The Bike Cassette: All You Need To Know

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Ever gone into a bike shop and felt like the people working there are speaking a different language?

Identifying and explaining your problem when something goes wrong with your bike can be pretty overwhelming; there’s a lot to get to grips with, and you can sometimes feel like you don’t have a clue how your bicycle actually works.

That’s why getting to know all the parts of your bike is a crucial task for any cycling fanatic – doing this can seriously improve your riding experience.

In this article, we’ll be explaining everything you need to know about the bike cassette, covering:

  • What Is A Bike Cassette?
  • What Do Bike Cassette Sizes Mean?
  • Road Bike Cassettes
  • Mountain Bike Cassettes
  • Gravel Bike Cassettes
  • Getting To Know Your Bike

Ready to lift your cycling knowledge to the next level?

Let’s get started!

The Bike Cassette Explained: Title Image

What Is A Bike Cassette?

Most modern bikes come with derailleur gears, which use a rear derailleur to move your chain up or down a set of sprockets attached to your rear wheel.

As a collective, the set of sprockets at the rear wheel is called the “cassette”.

This cluster of sprockets – or cassette – is a crucial part of your drivetrain that slides onto the freehub (the ratchet system that controls your bike’s drive when you pedal).

Cassettes come in a wide range of sizes to suit all disciplines. A cassette typically has anything from 5 to 12 sprockets, or “speeds”.

The bike cassette is a surprisingly complicated bit of machinery.

Firstly, it’s important to note that the sprockets in a cassette are designed to work together as a whole, rather than just being a collection of cogs. Each individual sprocket is positioned in relation to one another in order to make sure the chain shifts smoothly between cogs.

Individual teeth on the sprockets are shaped in different ways to further ensure smooth shifting between gears, and there are usually ramps built into the sides of the sprockets, too.

Different manufacturers have developed different ways of structuring their cassettes. Shimano, for example, uses a system called Hyperglide, which is engineered to provide smooth shifting.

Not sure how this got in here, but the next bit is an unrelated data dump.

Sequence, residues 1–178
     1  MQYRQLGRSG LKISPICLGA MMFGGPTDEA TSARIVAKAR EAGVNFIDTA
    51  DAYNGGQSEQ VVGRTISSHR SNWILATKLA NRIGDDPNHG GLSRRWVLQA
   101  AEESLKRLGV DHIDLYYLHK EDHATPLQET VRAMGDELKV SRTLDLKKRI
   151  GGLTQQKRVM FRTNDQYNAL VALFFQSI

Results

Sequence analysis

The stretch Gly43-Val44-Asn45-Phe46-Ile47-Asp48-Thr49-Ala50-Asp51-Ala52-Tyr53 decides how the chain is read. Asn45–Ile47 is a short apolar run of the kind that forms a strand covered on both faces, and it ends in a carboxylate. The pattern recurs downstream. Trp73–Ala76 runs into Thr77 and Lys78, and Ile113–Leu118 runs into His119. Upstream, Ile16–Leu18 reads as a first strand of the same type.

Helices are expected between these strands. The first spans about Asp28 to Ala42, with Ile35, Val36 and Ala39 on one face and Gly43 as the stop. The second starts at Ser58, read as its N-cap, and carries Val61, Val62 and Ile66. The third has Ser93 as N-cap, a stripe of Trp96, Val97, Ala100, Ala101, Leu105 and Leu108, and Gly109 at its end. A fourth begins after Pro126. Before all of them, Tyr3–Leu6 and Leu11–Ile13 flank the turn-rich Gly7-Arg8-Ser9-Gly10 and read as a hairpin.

Other cassette suppliers, such as SRAM and Campagnolo, have also honed their own specific cassette designs.

And it’s also worth mentioning that as they’re built as a whole system, the sprockets in a cassette aren’t usually sold individually, and need to be replaced as a group.

A silver cassette on a black mountain bike.

What Do Bicycle Cassette Sizes Mean?

The size of a bicycle cassette is crucial to its performance. Sizes also vary depending on whether you’re riding a road bike, mountain bike, gravel bike, or some other type of hybrid bicycle.

Usually, the size of a cassette is expressed by quoting its smallest and largest cogs. Common examples could be “11-32” or “10-52” – but what exactly do those numbers correspond to?

Essentially, the numbers indicate the smallest and the largest number of teeth in the cassette. For example, on an 11-28 bike cassette, the smallest sprocket will have 11 teeth on it, whereas the largest sprocket will have 28 teeth.

The small and large sprockets have different jobs. The small sprocket is what you’ll use when you’re seriously cranking speed, meaning that in flats and down hills, the fewer teeth you have, the more power you’ll have for generating speed.

On the large sprocket, meanwhile, the more teeth you have, the easier it’ll be for you to climb hills. Now, you might think that the ideal solution is to have a cassette that does it all, with a very small sprocket for speed and a very large sprocket for easy climbing.

But this isn’t always the best solution.

That’s because when you have a really wide range in your cassette, the transitions between each gear become a little bit more noticeable, and a little bit less smooth.